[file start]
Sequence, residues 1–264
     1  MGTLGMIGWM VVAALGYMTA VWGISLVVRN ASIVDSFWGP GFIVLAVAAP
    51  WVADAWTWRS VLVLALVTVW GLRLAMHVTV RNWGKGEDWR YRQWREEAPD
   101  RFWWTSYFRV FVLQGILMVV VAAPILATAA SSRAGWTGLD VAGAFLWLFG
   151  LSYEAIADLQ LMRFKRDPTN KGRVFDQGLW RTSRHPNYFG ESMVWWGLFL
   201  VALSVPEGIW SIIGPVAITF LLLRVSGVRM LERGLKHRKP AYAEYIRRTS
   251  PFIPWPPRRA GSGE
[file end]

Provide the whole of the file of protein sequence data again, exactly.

Sequence, residues 1–264
     1  MGTLGMIGWM VVAALGYMTA VWGISLVVRN ASIVDSFWGP GFIVLAVAAP
    51  WVADAWTWRS VLVLALVTVW GLRLAMHVTV RNWGKGEDWR YRQWREEAPD
   101  RFWWTSYFRV FVLQGILMVV VAAPILATAA SSRAGWTGLD VAGAFLWLFG
   151  LSYEAIADLQ LMRFKRDPTN KGRVFDQGLW RTSRHPNYFG ESMVWWGLFL
   201  VALSVPEGIW SIIGPVAITF LLLRVSGVRM LERGLKHRKP AYAEYIRRTS
   251  PFIPWPPRRA GSGE